Read the book instead of listening to it. The narrator was so bad that I just wanted the book to end.
Historical & SciFi Book Lover, especially Georgette Heyer, Lois McMaster Bujold, Connie Willis (& New Who). Also books for the kids.
I would normally thoroughly delight in the charms of a Marion Chesney/MC Beaton Regency story, but I was unable to finish this one.
Minerva was a smug prude, her father selfish, her mother a hypochondriac - her siblings were self absorbed, shallow etc.
Not as fun as her other series.
Mom in Movement
As for the book itself, if you are looking for Georgette Heyer, well, this is not the worst. But it's not great, either. Beaton uses the requisite amount of Regency vocabulary, imitates many of the features of Heyer's heros and heroines and surrounding characters, but the book just never quite feels genuine. Minerva isn't really all that sympathetic (most of the plot turns upon the fact that she is a prig, which makes her the target of the malevolent machinations of a pack of evil dandies), and Sylvester borrows the pallid, distant charm of one of Heyer's aristocratic heroes but lacks the humor and warmth that might redeem him, in spite of an overbaked sex scene that seemed really out of place for the period. Finally, seeming to have run out of options, Beaton paints herself in to a corner by nonsensically separating her lovers but then has to resort to a plot trick to get them back together.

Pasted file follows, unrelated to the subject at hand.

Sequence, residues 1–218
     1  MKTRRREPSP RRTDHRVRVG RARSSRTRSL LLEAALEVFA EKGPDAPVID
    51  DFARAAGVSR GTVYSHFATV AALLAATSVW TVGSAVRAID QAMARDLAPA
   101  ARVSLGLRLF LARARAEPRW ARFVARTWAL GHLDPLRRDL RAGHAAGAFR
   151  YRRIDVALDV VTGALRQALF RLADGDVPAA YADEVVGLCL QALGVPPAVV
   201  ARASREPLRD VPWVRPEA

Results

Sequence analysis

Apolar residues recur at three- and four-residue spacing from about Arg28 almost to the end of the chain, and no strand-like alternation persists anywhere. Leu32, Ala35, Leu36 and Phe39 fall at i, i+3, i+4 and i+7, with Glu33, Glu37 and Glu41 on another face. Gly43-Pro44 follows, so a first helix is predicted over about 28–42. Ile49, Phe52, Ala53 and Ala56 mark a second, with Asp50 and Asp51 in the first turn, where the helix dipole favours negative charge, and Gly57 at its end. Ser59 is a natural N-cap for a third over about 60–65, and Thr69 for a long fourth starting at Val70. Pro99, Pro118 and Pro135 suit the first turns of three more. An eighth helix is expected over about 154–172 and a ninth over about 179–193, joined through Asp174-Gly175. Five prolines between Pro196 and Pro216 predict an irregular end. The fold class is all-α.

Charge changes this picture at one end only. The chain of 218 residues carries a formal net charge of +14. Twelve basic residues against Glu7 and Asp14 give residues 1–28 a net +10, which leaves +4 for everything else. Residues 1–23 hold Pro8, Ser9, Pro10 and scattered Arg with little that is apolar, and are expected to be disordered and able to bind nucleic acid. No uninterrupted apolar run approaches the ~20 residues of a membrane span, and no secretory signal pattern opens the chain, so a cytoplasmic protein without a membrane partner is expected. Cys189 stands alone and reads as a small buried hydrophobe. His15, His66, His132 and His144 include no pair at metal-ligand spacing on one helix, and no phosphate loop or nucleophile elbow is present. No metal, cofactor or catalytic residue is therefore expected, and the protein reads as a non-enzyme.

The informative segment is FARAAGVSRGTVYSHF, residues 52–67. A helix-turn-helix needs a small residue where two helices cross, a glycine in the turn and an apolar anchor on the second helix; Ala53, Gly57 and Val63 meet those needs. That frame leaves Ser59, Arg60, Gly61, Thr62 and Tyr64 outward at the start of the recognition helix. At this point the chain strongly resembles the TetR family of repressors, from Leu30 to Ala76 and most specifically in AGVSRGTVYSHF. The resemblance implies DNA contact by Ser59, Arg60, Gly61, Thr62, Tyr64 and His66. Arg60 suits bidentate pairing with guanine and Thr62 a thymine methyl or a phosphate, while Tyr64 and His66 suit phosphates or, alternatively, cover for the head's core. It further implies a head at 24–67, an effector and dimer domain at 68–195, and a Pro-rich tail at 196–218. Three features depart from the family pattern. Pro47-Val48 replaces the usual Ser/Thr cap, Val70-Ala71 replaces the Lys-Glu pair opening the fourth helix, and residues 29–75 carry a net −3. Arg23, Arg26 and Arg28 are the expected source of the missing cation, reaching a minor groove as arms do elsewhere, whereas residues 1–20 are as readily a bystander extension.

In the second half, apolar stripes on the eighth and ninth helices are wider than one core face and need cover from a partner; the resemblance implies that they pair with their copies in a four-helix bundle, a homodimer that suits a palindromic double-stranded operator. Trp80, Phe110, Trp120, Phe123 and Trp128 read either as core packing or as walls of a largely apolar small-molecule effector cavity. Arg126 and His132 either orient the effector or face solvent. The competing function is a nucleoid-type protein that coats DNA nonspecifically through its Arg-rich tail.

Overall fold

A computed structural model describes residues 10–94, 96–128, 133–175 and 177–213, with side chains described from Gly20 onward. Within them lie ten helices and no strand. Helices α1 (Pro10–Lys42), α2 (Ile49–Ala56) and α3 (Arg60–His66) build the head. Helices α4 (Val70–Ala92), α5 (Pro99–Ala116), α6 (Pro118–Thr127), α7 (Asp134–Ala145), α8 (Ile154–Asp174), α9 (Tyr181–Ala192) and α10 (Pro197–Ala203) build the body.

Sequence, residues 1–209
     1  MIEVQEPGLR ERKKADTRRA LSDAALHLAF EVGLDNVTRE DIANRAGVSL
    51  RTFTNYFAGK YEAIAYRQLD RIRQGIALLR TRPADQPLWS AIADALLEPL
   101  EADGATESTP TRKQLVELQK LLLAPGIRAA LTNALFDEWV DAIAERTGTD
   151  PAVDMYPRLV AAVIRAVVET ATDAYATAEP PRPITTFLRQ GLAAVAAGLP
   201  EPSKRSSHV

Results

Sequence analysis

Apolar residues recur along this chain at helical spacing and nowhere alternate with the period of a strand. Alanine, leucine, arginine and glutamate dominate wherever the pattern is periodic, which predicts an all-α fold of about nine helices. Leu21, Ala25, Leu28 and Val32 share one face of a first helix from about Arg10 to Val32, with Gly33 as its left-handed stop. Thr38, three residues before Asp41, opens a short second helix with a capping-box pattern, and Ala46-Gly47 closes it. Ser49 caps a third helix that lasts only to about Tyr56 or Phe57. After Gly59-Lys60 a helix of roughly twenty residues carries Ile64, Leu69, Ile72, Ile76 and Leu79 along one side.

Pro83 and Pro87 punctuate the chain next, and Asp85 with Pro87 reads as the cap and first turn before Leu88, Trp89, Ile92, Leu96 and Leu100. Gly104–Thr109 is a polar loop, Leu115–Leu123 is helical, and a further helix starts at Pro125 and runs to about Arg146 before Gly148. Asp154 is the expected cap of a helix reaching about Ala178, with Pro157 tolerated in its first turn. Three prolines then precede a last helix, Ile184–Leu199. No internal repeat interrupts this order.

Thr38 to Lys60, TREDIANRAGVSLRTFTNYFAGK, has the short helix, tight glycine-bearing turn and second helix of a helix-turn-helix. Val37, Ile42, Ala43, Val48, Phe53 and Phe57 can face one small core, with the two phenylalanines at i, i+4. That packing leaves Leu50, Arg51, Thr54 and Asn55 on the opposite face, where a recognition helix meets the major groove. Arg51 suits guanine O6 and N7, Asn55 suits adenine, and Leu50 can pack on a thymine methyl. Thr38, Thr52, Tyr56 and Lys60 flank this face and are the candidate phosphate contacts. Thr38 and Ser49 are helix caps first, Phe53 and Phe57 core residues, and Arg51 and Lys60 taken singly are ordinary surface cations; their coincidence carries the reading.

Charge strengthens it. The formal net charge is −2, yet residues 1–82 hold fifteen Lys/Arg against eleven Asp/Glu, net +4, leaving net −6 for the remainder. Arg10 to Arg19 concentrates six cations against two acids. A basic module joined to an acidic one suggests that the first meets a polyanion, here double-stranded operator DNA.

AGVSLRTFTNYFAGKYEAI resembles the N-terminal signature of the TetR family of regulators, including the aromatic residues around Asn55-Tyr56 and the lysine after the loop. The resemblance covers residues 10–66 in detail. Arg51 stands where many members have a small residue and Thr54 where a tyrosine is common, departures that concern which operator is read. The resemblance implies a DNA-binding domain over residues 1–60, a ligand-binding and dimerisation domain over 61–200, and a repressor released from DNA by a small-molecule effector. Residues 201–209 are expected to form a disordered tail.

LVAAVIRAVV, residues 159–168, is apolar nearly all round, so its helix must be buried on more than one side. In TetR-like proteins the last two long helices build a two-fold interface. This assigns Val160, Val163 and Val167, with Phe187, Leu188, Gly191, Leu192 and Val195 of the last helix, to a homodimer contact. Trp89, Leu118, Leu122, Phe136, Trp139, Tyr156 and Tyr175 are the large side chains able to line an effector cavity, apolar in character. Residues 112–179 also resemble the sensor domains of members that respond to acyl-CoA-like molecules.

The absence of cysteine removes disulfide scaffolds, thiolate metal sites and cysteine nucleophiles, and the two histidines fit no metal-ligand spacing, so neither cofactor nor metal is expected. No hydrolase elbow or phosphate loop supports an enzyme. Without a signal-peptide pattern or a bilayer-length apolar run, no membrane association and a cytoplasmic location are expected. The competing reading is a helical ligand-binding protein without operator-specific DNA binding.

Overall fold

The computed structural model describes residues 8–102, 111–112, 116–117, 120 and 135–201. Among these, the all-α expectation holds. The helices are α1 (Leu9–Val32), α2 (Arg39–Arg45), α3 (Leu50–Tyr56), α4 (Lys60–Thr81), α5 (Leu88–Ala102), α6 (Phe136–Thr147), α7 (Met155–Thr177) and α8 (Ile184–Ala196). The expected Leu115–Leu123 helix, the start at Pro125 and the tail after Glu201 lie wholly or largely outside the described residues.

But the writing was workmanlike, at least, and I might have found it amusing had not the reading been marred, at least initially, by peculiarities in the reading by Charlotte Anne Dore. Making use of a nice, throaty voice and a pleasant, almost intimate tone, Dore does a very nice job of creating different voices for her characters (and is particularly adept whenever a child speaks in the story), but I do so wish that she had better breath control and had done a spot more homework on the correct pronunciation of words with which she seems to have been unfamiliar.